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The band turned the whole recording process, the rehearsing, their entire way or working upside down for The Power Within. A change was on the cards anyway: after a decade together they felt it was time to shake things up. Theart’s departure just happened to coincide with this reorganisation. They even actually jammed together for the first time, rather than bringing in fleshed out demos and ideas. Guitarist Herman Li says the band wanted to avoid the rushed vibe of the previous two album cycles. “When we finished the Inhuman Rampage album in September 2005, we were still touring for the previous album. So it was all about going into the studio, writing the music, recording it and then, guess what: you’re going out on another tour for the previous album! But this album, we got to play it together and transfer that energy with which we play the song into the album.”

One of the goals for the new sessions was to integrate Hudson not only as a voice, but as a fully-fledged member. “It’s not just Dragonforce plus a singer,” Li says. “He’s actually in Dragonforce. This is definitely the great thing on this album: we were so open, so there’s no bullshit about upsetting anyone here. We talked about the music and said ‘ We don’t like that… we like that.’ With Marc we tried many things, many different vocal approaches, and merging them together, all for the goodness of the album. For the music. The art.” But this shouldn’t be any surprise to longtime fans of the band. Dragonforce music is more than just guitar solos with songs around them. “People might get confused because we play a lot of solos, but really everything in the song – all the solos, the leads – they’re worked out way after we’ve got the singing down,” Li says. “It’s got to be catchy before we put it in. So then it’s not just about playing simple chords and soloing over it later! So it’s definitely concentrating on the music first.” Of course, Dragonforce are known for playing super-fast, 200bpm stuff, but on this album they also brought it down to some midtempo songs and an increased awareness of groove. Anything goes. “We also have a song which is faster than all our other songs. It was a way to make the music dynamic and explore the voice of Marc, because he definitely has a really wide range from low to high. On the last album we got a little obsessed with sitting there with the click and the music and trying to play every lick perfect. This album we promised each other to not do that. And I can hear things that aren’t perfect. On this album we tried to approach it that way so it was more organic than our last album, where I was sitting there trying to get every sweep perfectly timed, and tried to get even the noises of moving the chords away.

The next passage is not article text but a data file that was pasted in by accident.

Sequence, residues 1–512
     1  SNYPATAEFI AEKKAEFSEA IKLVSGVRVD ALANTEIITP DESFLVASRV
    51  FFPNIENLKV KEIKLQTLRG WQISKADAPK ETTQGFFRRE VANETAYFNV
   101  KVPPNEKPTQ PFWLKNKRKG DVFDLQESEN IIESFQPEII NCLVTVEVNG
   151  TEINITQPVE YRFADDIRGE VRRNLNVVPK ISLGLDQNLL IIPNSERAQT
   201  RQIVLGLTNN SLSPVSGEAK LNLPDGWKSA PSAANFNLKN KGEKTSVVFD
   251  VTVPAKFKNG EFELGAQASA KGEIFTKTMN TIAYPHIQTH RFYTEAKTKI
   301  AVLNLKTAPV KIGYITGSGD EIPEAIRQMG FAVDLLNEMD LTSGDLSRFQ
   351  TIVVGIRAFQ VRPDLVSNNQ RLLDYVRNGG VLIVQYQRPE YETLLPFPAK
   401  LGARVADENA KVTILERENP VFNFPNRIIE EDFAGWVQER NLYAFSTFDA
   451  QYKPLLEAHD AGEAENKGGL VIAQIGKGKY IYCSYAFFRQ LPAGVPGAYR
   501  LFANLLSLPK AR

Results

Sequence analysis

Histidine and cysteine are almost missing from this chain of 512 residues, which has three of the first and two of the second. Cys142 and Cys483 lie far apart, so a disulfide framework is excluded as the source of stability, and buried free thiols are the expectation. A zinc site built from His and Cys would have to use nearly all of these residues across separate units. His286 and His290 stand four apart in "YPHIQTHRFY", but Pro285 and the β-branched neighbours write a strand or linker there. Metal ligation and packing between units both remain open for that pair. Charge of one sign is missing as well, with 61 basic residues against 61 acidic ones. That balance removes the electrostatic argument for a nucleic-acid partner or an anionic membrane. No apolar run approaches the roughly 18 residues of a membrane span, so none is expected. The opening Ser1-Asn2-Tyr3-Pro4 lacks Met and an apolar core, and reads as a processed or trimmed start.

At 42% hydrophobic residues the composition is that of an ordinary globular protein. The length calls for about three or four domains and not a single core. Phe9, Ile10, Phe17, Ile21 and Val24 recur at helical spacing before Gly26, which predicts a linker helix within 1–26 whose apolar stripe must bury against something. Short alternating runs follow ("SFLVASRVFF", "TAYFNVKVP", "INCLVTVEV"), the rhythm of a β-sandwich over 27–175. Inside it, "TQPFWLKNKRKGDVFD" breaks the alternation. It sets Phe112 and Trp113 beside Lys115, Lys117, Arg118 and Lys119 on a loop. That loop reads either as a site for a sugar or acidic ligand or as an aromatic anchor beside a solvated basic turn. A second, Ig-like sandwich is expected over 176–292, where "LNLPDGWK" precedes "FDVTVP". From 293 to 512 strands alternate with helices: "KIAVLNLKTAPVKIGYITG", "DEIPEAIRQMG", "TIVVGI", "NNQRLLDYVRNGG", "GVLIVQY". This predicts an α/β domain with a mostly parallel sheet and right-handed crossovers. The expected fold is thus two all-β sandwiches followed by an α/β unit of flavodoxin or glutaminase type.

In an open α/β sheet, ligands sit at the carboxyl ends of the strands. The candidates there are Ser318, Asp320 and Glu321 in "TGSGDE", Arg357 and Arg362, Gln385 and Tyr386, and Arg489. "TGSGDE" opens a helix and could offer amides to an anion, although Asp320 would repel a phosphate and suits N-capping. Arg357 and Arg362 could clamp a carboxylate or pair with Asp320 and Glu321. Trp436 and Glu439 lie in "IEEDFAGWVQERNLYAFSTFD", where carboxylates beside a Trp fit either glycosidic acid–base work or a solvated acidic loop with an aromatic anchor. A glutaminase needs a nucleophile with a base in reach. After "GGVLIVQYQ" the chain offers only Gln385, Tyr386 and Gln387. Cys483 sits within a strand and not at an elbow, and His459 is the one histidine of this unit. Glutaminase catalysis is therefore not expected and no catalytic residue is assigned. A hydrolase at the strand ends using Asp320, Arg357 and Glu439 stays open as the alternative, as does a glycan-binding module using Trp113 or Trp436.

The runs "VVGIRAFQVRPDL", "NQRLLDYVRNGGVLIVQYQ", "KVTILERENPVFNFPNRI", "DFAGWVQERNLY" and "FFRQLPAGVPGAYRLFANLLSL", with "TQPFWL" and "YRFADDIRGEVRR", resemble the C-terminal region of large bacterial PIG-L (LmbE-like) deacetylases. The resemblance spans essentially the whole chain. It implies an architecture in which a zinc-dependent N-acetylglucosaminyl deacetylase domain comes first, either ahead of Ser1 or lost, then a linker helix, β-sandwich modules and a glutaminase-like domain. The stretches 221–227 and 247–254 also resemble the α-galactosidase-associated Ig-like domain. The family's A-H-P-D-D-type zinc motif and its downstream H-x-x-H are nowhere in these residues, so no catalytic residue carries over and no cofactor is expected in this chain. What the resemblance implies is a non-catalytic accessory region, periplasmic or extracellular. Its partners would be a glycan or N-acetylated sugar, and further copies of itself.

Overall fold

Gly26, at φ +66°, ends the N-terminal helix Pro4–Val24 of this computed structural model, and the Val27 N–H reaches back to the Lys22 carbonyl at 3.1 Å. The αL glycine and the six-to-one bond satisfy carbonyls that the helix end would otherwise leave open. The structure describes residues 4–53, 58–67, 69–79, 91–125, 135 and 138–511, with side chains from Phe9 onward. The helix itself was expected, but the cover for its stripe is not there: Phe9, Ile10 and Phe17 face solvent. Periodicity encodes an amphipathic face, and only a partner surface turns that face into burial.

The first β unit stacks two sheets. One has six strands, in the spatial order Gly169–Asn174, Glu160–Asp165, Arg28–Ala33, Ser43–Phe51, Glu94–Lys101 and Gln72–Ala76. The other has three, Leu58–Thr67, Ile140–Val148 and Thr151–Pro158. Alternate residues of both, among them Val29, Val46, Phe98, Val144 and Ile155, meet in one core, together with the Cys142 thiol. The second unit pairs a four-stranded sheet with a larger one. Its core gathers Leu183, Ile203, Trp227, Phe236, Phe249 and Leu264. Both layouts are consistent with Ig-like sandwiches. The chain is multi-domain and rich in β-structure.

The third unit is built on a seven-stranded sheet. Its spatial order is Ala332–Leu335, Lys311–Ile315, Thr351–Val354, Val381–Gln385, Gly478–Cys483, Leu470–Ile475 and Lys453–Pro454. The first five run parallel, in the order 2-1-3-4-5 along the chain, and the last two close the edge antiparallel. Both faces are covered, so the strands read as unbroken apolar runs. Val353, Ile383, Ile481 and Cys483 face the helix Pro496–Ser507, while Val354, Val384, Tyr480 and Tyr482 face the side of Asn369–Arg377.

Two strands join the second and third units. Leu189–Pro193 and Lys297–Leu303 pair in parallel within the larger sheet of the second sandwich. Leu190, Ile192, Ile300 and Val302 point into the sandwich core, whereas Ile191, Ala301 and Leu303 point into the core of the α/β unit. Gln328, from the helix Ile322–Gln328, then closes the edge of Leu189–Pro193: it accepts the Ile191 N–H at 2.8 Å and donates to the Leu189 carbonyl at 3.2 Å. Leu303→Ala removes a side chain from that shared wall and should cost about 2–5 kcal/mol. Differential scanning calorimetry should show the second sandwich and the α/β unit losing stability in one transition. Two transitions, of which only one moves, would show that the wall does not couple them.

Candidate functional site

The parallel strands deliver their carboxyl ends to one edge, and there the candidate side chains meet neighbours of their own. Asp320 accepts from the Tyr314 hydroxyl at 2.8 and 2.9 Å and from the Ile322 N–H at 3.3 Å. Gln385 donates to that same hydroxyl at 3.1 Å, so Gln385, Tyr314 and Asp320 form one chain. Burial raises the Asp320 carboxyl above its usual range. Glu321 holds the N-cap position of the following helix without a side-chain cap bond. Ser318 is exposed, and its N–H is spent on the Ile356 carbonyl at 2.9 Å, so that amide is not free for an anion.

Fans don’t need to worry about an absence of cool guitar tricks though. “We definitely have all the fast stuff,” Li assures us. “But on this album, it’s not like the old album where we threw in all the whammy bar tricks, sweep picking, taps, whatever, into every song. This time each song has its own theme. And on this one we tried to approach it so that every note fit every chord really nicely and created the right tension and the right feel. So we’re kind of going slightly against the scene. Because everyone is shredding now – y’know, eight fingers on the neck, six, seven, eight strings, necks left and right, loads of stuff – but I think notes that sit on the chords and that move and bend into the right chord, we go a bit more into that. Exotic bends and all that kind of stuff.”

As one of the most respected and talented guitarists of his generation – seriously, the guy’s chops are insane – fans are clamouring for a Herman Li solo album. Is it ever going to happen? “The energy goes pretty much into Dragonforce, really,” Li shrugs. “If I do it with friends it’s a lot more fun, because you don’t want to sit there alone programming drums. It’s not really musical. I want some guy to trade off guitar solos with and do harmonies with.” But then he offers a glimpse of hope: “Maybe if it happens it’ll be in about a year or two.”